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mrmopar said

How about “an enjoyable tea selection” for all tastes. Plain and simple.

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gmathis said

First word that popped into my head (and boy, have some good ones been pitched already!) was premium. Conveys that your lovely little basket contains something a notch more special than what your medium size rednecks (yeah, I live there, too) can pick up at the Price Cutter :)

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ifjuly said

And if you have the information on sourcing, where you can tell a story in a sentence of two evoking how much care is taken in how certain teas in the basket are made, that could help.

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Rie said

Taking a stab at this, if that’s alright! Just tried to reword what you said in your summary paragraph. Hope the auction goes well for you and your local rescue group!!

The blanks are for, maybe, a couple of the teas with some interesting names/grades, for the sake of being intriguing.


“An exclusive selection of the finest teas from around the world.

Rare, premium teas like these are as highly valued in international markets as gourmet coffee and fine wine. Tea of such incredible quality simply cannot be found on grocery shelves, and this particular collection, including “_________” and “_________”, is sure to delight and impress.

Take advantage of this opportunity to experience tea like you’ve never imagined before."

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I like what Rie T was saying, that sounds nice. Just don’t choose the teas with super fancy names, go with ones that they’ll know and then explain what makes their flavor stand out from any tea that you can find in the grocery store.

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Erin said

WOW! You guys are fabulous. So many good suggestions! This is definitely making my job so much easier.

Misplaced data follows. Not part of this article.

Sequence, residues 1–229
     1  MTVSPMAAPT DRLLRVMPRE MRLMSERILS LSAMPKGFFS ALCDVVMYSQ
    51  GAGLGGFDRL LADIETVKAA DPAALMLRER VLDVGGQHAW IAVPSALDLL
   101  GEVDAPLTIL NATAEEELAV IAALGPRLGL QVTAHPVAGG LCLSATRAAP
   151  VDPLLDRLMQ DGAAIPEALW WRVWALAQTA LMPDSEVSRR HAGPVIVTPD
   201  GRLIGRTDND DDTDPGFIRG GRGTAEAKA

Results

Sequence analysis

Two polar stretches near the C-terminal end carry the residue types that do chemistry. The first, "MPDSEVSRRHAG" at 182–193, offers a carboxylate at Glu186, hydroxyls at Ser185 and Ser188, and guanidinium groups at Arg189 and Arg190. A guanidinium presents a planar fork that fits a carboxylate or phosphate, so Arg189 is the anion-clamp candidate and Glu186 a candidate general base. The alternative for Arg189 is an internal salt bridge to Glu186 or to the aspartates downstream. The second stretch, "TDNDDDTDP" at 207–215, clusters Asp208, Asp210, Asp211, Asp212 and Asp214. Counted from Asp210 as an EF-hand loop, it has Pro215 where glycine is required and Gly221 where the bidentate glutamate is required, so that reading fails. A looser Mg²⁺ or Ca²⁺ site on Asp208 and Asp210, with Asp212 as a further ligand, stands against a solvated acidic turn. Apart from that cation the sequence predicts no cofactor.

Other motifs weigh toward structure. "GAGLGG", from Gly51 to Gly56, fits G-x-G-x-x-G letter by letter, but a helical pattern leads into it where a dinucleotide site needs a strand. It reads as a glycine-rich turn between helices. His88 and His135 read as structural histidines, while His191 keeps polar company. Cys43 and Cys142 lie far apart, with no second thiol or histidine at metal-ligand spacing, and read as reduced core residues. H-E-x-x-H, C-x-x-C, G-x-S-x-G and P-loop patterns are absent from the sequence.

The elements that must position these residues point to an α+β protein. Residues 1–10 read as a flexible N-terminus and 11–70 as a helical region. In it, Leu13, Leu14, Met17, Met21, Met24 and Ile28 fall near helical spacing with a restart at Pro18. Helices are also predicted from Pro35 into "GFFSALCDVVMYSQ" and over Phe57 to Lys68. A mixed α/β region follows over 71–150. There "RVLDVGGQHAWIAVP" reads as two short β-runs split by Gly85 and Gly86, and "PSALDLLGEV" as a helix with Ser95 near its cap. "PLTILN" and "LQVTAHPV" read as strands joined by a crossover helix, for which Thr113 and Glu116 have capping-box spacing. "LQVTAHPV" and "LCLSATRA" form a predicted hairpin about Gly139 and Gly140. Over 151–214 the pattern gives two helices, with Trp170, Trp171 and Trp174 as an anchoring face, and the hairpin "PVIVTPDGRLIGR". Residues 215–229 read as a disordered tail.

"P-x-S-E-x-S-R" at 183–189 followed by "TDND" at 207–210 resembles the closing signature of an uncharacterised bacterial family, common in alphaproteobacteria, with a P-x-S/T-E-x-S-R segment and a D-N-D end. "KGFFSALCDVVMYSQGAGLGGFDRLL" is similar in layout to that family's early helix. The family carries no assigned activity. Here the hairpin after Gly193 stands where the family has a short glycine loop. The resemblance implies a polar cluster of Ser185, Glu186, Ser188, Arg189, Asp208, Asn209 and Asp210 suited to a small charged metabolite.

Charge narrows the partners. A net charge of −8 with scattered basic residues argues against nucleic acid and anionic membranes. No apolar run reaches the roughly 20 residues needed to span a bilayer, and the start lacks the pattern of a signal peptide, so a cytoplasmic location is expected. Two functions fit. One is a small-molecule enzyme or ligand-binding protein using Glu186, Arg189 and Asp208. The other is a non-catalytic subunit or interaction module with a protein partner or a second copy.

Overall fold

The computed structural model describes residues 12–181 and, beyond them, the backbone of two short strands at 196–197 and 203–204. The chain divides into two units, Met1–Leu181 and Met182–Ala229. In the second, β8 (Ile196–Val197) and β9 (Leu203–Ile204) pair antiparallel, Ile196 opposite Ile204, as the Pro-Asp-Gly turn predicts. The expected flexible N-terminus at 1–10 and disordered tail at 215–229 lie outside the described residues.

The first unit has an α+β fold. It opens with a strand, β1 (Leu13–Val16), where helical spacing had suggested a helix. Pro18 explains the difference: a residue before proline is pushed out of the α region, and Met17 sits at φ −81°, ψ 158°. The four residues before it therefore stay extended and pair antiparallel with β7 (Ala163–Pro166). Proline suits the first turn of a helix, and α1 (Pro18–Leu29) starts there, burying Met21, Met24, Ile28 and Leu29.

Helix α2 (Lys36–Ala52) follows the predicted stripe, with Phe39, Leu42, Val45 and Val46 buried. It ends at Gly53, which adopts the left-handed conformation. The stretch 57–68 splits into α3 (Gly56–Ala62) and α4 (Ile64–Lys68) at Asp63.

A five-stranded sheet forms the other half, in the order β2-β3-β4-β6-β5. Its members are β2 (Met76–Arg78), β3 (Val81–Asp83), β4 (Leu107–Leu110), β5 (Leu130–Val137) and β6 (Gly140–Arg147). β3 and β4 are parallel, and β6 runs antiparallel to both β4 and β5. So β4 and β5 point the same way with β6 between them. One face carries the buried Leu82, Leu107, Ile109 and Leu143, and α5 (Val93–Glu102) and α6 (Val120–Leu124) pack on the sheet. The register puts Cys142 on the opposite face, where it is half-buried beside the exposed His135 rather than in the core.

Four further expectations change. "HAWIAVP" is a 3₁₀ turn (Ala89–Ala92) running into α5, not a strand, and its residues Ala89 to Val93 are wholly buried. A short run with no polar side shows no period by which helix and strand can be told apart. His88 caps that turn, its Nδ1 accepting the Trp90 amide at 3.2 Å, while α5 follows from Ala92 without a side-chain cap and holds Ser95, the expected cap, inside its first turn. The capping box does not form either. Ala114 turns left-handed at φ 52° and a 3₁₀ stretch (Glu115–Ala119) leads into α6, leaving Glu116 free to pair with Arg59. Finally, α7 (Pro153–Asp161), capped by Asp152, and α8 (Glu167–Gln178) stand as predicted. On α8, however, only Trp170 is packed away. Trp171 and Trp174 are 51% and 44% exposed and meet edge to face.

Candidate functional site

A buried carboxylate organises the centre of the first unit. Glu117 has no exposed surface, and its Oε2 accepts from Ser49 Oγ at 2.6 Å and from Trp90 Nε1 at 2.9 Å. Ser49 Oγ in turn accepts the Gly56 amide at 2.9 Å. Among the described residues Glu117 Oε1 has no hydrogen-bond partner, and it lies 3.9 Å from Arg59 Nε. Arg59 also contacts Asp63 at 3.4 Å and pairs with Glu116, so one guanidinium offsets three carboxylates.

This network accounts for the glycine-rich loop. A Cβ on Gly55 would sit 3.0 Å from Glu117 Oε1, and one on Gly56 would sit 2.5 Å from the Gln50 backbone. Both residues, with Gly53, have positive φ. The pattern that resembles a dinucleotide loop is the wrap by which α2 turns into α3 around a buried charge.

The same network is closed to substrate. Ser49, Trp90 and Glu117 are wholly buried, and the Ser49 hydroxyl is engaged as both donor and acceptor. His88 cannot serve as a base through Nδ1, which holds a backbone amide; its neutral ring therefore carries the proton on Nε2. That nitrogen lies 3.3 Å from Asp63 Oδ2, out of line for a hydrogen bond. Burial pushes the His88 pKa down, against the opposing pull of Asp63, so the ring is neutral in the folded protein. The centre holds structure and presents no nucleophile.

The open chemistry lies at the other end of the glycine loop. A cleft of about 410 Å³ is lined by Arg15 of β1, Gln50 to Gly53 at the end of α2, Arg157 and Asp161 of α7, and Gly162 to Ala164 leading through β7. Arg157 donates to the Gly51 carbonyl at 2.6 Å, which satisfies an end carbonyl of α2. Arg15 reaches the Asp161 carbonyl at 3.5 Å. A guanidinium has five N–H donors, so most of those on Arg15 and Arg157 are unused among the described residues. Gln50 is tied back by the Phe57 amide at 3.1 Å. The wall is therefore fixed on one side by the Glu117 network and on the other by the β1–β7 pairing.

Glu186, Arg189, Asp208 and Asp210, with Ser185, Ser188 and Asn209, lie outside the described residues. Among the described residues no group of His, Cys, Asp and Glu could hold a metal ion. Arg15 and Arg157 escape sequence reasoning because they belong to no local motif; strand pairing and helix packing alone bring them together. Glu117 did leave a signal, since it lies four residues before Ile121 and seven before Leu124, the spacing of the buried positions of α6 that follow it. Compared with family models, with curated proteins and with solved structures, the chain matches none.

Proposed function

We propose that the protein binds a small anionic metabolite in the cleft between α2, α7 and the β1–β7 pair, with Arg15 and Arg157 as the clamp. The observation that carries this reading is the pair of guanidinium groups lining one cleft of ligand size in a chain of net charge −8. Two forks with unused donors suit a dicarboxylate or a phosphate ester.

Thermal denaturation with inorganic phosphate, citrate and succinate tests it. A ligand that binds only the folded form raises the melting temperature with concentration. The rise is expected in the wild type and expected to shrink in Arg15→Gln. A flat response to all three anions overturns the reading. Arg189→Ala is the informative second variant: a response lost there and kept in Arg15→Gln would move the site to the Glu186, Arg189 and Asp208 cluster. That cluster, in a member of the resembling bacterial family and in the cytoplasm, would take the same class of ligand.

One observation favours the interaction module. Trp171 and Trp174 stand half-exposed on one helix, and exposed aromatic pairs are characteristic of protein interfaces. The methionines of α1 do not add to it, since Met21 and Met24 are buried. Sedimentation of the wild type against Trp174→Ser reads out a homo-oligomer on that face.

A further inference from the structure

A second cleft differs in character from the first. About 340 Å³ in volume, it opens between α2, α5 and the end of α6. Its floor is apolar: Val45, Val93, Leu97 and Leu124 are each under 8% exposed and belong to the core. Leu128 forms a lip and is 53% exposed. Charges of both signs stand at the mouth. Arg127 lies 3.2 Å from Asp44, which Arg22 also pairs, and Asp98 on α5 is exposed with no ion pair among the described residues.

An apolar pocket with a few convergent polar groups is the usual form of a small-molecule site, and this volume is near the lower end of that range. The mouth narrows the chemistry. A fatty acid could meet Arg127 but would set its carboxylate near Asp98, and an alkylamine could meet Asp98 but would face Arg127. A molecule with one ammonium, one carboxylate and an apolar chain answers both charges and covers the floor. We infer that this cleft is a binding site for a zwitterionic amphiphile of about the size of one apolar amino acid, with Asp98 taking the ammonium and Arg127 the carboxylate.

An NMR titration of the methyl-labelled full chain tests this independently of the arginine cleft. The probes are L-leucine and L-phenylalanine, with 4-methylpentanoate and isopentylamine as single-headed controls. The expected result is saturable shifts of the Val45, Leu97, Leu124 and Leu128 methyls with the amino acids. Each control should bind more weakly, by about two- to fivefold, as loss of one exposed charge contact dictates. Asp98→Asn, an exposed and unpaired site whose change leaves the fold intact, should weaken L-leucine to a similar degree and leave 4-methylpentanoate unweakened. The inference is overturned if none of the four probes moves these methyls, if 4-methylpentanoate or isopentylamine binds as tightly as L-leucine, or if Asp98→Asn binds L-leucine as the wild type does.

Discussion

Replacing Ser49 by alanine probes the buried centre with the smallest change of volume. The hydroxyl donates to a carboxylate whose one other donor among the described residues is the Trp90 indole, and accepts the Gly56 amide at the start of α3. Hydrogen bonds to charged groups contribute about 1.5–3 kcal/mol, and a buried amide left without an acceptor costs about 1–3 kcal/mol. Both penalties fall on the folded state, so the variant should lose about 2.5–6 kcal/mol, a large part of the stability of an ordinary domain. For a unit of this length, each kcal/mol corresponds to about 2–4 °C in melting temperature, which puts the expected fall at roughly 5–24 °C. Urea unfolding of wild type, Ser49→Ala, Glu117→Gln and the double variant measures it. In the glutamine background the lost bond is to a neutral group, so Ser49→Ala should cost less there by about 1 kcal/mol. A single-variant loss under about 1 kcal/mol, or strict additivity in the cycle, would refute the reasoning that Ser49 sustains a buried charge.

I decide this morning that I am going to try to put together a small booklet to go with the teas, just a few pages about tea, history, types, where the ones in the basket come from, and suggested links.

But doing the few sentences on the front, for the bid sheet, was definitely going to be the hardest- and you guys have done that for me. So many years of scientific training have beaten any imagination out of my writing- and imagination is what is needed to write those most important few sentences!

Thank you all so much again!

Uniquity said

As an English major in university I found it SO HARD to write reports for my science credit. I’m rolling in personal opinion and exaggeration. :)

Erin said

Oh yeah- they knock that right out of you early on. I remember the first draft of the first article I wrote in grad school- my prof gave it back to me like 5 times before I had gotten rid of every single extra descriptive word. Not even anything vague like “seems” or “appears to” or “similar to”. It either is or is not, with no elaboration whatsoever :) So I now have no hope of doing any creative writing, even just for a little gift basket of tea!

gmathis said

The kind of writing I do requires absolute word economy, but that doesn’t mean the words have to be sparse or vague. It’s difficult writing for a world that doesn’t read! (Conversely, I am amazed at the fluffery and two-paragraphs-to-convey-three-words-worth that makes it past many trained composition teachers.) Oops. Soapbox. Sorry!